Cyber Security Headlines Week in Review: European airport attacks, Military email spill, Dole ransomware attack      

This week’s Cyber Security Headlines – Week in Review, February 20-24, is hosted by Rich Stroffolino  with our guest, Jared Mendenhall, Head of Information Security, Impossible Foods

Cyber Security Headlines – Week in Review is live every Friday at 12:30pm PT/3:30pm ET. Join us each week by registering for the open discussion at

Twitter limits SMS-based 2-factor authentication to Blue subscribers only

The company stated, “while historically a popular form of 2FA, unfortunately we have seen phone-number based 2FA be used – and abused – by bad actors. We will no longer allow accounts to enroll in the text message/SMS method of 2FA unless they are Twitter Blue subscribers.” Twitter users who have not subscribed to Blue that have enrolled for SMS-based 2FA have until March 20, 2023, to switch to an alternative method such as an authenticator app or a hardware security key. After this cutoff date, non-Twitter Blue subscribers will have their option disabled.

(The Hacker News)

European airports endure rough week on cyberattack front

A day after a major IT failure at Lufthansa left thousands of passengers stranded, the websites of seven airports including Dusseldorf, Nuremberg, Erfurt-Weimar and Dortmund were hit by a suspected DDoS attack. The websites of Germany’s biggest airports in Frankfurt, Munich and Berlin were not targeted. On Wednesday, the pro-Russian hacker group Killnet told Russian media that it was responsible for the IT outage at Lufthansa, but the airline blamed the outage on damaged broadband cables mistakenly cut on the railway line during construction work. The group “Anonymous Russia” took responsibility for cyberattacks on German airports, and this also follows an attack last week on Scandinavian Airlines (SAS) that knocked its website offline and exposed some customer data allegedly by a group calling itself “Anonymous Sudan.”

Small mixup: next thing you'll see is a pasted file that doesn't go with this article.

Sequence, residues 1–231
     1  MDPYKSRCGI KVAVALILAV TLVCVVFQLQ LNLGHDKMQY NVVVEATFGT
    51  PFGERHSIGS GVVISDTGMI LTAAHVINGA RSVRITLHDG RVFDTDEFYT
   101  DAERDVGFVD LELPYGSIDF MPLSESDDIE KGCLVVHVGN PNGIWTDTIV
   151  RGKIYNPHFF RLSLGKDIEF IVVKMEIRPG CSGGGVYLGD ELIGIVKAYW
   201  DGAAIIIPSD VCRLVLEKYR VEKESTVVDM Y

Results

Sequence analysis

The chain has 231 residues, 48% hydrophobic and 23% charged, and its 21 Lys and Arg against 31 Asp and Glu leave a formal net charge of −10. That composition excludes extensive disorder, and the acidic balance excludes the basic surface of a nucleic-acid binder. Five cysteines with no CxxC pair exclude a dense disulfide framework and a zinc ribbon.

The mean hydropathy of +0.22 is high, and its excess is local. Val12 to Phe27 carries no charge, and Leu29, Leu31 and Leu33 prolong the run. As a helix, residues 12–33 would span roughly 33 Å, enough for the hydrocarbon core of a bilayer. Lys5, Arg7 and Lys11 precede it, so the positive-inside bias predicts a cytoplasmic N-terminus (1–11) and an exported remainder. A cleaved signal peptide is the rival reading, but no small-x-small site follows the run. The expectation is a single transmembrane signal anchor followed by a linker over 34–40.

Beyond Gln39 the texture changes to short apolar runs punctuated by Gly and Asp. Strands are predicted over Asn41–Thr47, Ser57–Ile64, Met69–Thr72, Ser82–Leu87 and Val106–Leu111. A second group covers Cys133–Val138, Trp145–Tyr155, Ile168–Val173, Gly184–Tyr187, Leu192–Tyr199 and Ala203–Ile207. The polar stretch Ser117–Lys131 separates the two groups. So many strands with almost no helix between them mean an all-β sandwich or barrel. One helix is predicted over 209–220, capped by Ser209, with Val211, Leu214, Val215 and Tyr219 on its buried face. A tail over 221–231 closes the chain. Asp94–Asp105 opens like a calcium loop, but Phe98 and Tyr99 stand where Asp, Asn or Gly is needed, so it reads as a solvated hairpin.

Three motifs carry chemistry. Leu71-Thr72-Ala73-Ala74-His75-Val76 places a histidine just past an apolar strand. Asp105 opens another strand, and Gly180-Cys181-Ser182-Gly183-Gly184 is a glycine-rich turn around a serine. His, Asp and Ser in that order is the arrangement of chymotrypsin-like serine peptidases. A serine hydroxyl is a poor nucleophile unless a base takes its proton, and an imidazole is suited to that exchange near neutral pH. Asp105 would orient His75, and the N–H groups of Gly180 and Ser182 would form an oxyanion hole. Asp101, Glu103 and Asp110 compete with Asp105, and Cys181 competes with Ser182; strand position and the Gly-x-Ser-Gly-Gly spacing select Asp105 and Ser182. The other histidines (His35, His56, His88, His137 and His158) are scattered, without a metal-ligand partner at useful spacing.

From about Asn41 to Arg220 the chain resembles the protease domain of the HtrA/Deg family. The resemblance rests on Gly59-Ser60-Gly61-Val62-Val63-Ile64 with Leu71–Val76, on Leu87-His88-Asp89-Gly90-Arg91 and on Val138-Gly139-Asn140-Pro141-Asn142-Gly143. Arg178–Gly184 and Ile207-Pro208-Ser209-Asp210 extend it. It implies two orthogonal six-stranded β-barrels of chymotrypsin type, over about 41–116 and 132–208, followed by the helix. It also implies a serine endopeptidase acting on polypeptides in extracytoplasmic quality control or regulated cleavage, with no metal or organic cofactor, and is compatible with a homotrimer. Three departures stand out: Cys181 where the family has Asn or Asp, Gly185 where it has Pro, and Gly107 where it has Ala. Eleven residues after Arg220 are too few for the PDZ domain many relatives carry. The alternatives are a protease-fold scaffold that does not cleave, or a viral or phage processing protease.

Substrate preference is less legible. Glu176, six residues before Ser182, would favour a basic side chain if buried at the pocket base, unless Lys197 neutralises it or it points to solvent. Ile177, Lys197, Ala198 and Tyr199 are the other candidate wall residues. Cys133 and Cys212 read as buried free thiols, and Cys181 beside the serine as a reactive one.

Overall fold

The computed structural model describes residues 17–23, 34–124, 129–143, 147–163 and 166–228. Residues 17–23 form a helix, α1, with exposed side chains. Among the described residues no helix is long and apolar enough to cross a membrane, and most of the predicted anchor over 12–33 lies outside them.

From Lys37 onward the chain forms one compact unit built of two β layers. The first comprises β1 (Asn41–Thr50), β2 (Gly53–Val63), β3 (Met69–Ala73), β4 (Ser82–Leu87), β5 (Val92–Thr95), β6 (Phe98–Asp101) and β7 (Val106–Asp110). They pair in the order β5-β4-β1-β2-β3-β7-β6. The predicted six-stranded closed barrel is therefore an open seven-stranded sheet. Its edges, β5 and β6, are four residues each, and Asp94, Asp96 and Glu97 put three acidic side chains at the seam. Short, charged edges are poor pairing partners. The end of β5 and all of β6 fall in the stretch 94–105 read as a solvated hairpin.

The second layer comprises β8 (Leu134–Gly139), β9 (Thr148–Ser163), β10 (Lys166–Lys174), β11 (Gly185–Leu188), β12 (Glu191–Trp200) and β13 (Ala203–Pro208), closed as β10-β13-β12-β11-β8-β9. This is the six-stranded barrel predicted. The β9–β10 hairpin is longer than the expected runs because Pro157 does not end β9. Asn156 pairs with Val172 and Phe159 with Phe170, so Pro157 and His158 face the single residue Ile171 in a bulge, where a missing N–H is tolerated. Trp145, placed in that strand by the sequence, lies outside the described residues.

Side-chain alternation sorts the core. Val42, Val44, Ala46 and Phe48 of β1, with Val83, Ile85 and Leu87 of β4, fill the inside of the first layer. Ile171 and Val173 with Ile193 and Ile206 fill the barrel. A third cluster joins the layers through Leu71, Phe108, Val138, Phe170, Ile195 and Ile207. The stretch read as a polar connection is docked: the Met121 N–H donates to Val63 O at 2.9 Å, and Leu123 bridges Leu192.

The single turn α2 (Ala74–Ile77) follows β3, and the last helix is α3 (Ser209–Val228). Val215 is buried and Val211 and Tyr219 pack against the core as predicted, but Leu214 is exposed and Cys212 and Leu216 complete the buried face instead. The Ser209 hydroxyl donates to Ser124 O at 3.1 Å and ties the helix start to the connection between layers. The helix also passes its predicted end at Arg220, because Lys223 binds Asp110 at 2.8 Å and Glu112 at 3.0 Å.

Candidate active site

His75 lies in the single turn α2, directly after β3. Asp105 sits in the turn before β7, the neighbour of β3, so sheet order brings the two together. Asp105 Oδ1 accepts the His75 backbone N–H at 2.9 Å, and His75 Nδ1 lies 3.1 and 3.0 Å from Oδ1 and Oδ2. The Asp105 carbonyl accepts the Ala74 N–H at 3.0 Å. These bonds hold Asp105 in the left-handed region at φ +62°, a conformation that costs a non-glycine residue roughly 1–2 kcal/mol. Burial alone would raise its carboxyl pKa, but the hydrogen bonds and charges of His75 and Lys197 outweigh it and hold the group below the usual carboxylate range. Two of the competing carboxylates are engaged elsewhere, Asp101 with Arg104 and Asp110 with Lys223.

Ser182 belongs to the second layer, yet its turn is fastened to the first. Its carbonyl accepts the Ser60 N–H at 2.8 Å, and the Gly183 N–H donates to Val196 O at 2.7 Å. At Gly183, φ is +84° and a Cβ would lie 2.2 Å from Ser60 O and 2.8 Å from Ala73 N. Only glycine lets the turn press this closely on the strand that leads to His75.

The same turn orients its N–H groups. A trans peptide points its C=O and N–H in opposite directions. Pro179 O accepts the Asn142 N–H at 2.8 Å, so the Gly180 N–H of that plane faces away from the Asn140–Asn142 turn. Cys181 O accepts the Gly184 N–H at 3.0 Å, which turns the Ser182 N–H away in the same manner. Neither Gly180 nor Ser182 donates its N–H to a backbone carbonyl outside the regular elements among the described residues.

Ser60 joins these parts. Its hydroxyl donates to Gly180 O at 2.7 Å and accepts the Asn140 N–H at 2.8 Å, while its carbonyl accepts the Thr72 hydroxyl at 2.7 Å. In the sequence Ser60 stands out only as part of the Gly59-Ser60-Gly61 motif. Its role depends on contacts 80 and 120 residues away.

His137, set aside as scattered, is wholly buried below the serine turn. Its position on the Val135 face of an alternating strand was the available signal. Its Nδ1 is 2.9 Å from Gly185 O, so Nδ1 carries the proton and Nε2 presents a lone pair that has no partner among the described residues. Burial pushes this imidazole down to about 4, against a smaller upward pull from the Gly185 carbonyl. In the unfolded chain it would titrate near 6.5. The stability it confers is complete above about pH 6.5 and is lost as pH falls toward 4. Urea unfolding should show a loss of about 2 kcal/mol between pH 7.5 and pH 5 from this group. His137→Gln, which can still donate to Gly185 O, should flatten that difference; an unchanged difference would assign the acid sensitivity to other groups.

(The Record)

Samsung guards against zero-click attacks 

One of the things that makes spyware, like NSO Group’s Pegagus, hard to guard against is because they require no interaction from users to exploit, just sending a SMS message with a malicious payload. To guard against this, Samsung introduced Message Guard for Galaxy smartphones and tablets to protect users from zero-click attacks. Message Guard isolates image attachments sent to Samsung Messages or Messages by Google, and then scans them before processing, to help prevent device infection. It’s available on the Galaxy S23 now and will roll out to Galaxy phones running OneUI 5.1 or later. This comes as device makers continue to harden consumer hardware against spyware, after Apple introduced its Lockdown Mode last year in iOS 16.

(Security Week)

Ransomware leads to earnings hit

Usually when we talk about ransomware attacks on this show, the impacts we discuss involve downtime or leaked data. This week we found an example of the financial impact of ransomware. Applied Materials is a key company in the semiconductor supply chain, providing tech across the industry. On its earnings call, it disclosed a ransomware attack on an unnamed supplier will cost it $250 million next quarter. While not named, one of its suppliers, the engineering company MKS Instruments, delayed its earnings call after discovering a ransomware attack on February 3rd. MKS reported itself in a “recovery phase” following the attack, still trying to determine the full scope of the attack.

(The Record)

Sensitive US military emails spill online